Near the end of the film’s first act, Jack Sparrow is once again sentenced to death by the men in red coats, forced to choose between hanging, firing squad, or the newly invented guillotine. It was at this point that I struggled to determine which of these ends I would have this franchise meet once and for all. As cruel as that sounds, I am a bit disheartened to even think it, because up until the franchise’s fourth entry (“On Stranger Tides”), I championed the swashbuckling adventures of Jack Spar- sorry... Captain Jack Sparrow. As the fifth(?!) installment, “Pirates of the Caribbean: Dead Men Tell No Tales” had every chance to make up for what was lacking previously; to either restore the Disney brand to its former glory or to set sail for uncharted territory. Sadly, it does neither, settling for an extremely hollow retread of what worked in Gore Verbinski’s original trilogy. If you are hoping for an improvement over the last one, save your doubloons for another cinematic adventure.
Nearly twenty years have passed since Will Turner (Orlando Bloom) left his family to serve as captain of the Flying Dutchman. Now his son Henry (Brendon Thwaites) seeks to break his father’s curse by finding the legendary Trident of Poseidon. In his search, he meets Carina Smyth (Kaya Scodelario), an ambitious young woman convicted of witchcraft due to her expertise in astrology and horology, who claims she knows where to find the Trident. The two coincidentally run into Jack Sparrow (Johnny Depp) and enlist his help in their journey. Meanwhile in the Devil’s Triangle, a crew of undead Spanish sailors, led by Captain Salazar (Javier Bardem), seeks vengeance on Sparrow and the death of every pirate at sea. In his ruthless quest, Salazar forcibly recruits Captain Hector Barbossa (Geoffrey Rush) to help him track down his enemy.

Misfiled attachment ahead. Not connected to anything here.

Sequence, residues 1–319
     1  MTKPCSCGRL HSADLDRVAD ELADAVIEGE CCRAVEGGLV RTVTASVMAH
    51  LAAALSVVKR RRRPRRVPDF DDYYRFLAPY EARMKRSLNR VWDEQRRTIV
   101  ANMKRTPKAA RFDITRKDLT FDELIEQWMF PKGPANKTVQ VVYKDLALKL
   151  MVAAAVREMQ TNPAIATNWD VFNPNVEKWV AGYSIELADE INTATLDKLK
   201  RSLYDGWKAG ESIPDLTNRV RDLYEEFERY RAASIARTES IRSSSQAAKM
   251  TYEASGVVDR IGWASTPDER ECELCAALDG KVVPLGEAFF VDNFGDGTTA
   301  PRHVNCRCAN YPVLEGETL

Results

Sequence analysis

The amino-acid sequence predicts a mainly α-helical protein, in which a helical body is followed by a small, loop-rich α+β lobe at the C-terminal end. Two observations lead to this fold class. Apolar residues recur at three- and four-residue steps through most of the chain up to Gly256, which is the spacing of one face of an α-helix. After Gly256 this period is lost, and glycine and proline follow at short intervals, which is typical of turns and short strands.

As with every other “Pirates” sequel, “Dead Men Tell No Tales” juggles far too many subplots, but unlike Verbinski’s films, the threads here spoil any sense of narrative coherence, mostly due to rushed pacing as a means to forgo a lengthy runtime. Directors Joachim Rønning and Espen Sandberg mistake this for maintaining excitement, leaving the characters very little room to breathe in between the increasingly ludicrous action sequences (the first of which should cause viewers to mentally check out of the rest of the film). Oddly enough, the shortest film in the series quickly becomes the most tiresome, fueled by annoyingly cartoonish sensibilities and undercut by a total lack of urgency.
“Dead Men Tell No Tales” also attempts to regain audience approval by revisiting characters and elements that made the first three films a huge success. This approach is sloppily handled by the creative team, the worst casualty being Jeff Nathanson’s atrocious script. Next to that is the seriously mishandled use of Depp’s iconic role. Once a rum-loving schemer who was always one step ahead of others, Sparrow is reduced to a bumbling, flailing parody of himself, always shouting and quipping his way through the action without consequence or development. Depp does what he can with the material, but it’s unfortunate to watch him take the character to an embarrassing new low. None of his co-stars seem to be having much fun either. Thwaites and Scodelario bore as the de facto young couple, while Bardem surprisingly fails to bring the right amount of menace to Salazar. Rush adds little variation to Barbossa, but he is easily the most watchable of the ensemble.
Some fans might prefer this film to the weak diversion that “On Stranger Tides” took, but at least it tried to give us something the franchise had not yet seen, namely the shifty romance between Sparrow and Penélope Cruz’s character. At least then, Depp had much more to do than he does here, and the film promised so much more than this one. All of that is abandoned for a frustratingly safe installment in the now-dismal blockbuster series. Either the sixth film (if it happens) give audiences a satisfying send-off, or the franchise finally walk the plank. This is one of the worst films of the year.